Yesterday, when FishbowlNY covered the 2012 National Magazine Award finalists, we expected the typical backlash against the major publishing houses and our fine city. While there was some of that, many people took the ASME to task for the noticeable lack of women writers.
As Ann Friedman — the Executive Editor of GOOD — noted, “Women hold their own or dominate in servicey categories (public interest, personal service) and fiction. They are not represented at all in the categories of reporting, feature writing, profile writing, essays and criticism, columns and commentary.” Alyssa Rosenberg, writing for Think Progress, added that the “women’s” category ends up hurting female writers:
The division in General Excellence creates an incentive for women’s magazines to genuinely specialize their coverage across the board, while men’s magazines have incentives to commission features and criticism that compete with publications like the New Yorker and The Atlantic.
Sid Holt, the ASME’s Chief Executive, brushed off the criticism. He wrote to Poynter and said it was all “Kind of silly,” went through the selection process and cited past nominations as proof that there is no bias:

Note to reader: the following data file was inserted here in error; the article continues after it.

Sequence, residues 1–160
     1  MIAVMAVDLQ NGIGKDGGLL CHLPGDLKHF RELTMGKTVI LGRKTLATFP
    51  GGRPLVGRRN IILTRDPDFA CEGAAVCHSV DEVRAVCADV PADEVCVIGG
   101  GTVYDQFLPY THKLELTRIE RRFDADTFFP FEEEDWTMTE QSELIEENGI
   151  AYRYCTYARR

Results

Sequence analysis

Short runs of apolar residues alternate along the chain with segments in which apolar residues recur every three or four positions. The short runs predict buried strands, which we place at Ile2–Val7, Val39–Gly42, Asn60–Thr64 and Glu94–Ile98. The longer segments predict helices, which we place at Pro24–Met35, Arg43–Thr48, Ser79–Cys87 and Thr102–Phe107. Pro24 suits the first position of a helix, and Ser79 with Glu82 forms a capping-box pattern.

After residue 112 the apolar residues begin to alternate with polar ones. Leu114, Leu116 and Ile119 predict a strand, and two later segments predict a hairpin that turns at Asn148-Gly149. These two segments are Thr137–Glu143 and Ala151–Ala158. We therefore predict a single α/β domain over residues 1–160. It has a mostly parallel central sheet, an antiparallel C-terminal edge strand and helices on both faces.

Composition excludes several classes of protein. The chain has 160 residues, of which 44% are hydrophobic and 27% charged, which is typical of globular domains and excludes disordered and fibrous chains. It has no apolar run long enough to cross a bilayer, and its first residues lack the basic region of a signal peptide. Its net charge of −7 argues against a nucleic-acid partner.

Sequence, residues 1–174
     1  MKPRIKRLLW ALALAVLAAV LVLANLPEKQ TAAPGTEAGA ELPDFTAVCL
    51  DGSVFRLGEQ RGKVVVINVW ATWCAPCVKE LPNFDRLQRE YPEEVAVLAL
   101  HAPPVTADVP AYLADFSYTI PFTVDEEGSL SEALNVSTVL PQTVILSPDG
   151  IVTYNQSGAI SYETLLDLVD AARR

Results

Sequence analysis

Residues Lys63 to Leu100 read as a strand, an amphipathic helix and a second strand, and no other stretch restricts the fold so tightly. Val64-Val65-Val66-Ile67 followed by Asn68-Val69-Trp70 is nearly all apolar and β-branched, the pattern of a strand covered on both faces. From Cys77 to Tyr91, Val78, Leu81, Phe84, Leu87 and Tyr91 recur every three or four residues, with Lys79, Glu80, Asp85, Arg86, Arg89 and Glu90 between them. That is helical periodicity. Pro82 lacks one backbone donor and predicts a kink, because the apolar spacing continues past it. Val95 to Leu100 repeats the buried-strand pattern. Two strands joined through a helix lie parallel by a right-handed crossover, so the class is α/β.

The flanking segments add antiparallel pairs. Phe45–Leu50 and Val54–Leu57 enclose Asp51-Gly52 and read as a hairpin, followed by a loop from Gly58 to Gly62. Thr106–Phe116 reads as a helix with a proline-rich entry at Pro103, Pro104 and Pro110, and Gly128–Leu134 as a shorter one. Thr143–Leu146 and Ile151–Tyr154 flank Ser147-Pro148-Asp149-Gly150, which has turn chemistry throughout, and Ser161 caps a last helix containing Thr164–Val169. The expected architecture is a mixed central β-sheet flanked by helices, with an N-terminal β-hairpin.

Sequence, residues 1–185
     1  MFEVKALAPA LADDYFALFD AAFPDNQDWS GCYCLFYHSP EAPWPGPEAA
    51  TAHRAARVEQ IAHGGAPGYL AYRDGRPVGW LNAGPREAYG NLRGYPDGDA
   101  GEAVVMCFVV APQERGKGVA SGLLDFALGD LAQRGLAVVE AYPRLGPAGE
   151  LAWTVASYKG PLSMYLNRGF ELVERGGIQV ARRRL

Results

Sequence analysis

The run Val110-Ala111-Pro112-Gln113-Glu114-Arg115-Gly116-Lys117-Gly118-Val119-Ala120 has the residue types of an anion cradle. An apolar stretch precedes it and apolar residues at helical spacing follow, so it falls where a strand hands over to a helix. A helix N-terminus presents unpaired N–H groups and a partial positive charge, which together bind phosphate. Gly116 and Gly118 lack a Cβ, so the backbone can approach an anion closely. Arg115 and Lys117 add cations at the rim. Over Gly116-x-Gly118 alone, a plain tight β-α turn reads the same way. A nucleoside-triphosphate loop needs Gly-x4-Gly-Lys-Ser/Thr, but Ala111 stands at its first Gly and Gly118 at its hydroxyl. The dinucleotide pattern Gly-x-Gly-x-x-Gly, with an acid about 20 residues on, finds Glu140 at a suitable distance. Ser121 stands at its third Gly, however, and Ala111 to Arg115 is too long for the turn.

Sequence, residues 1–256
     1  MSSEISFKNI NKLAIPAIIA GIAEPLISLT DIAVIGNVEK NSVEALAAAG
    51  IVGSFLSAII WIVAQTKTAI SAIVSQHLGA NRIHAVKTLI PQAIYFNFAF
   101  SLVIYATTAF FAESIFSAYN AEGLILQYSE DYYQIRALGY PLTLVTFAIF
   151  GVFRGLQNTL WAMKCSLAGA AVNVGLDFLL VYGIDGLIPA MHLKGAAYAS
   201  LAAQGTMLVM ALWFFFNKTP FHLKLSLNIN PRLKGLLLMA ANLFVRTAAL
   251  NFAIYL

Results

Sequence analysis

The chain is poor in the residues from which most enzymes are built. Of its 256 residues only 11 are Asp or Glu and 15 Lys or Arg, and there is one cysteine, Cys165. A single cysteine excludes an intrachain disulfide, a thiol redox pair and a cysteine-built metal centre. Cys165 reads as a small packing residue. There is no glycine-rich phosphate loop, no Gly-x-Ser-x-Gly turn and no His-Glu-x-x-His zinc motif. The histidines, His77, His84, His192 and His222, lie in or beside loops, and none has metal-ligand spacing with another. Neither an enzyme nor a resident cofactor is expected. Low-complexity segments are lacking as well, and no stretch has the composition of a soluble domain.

You can argue with their decisions, but you can’t argue with the process. Unless of course you think women can’t compete in the reporting and writing categories, which would come as a surprise to Pamela Colloff, Sheri Fink, Dana Goodyear, Elizabeth Kolbert, Jane Mayer, Megan McArdle and Daphne Merkin — just to name some of the writers who have been nominated in the last couple of years.
As for the notion that there shouldn’t be a “women’s” category since there isn’t a “men’s” one, Holt scoffed at that too. “There’s no men’s category — that’s not the way the magazine business works, as a trip to any newsstand will show,” he told Poynter.
Somehow we don’t think Holt’s response will quiet the angry masses.
Rosenberg spoke to Holt and he elaborated on the ASME nomination process.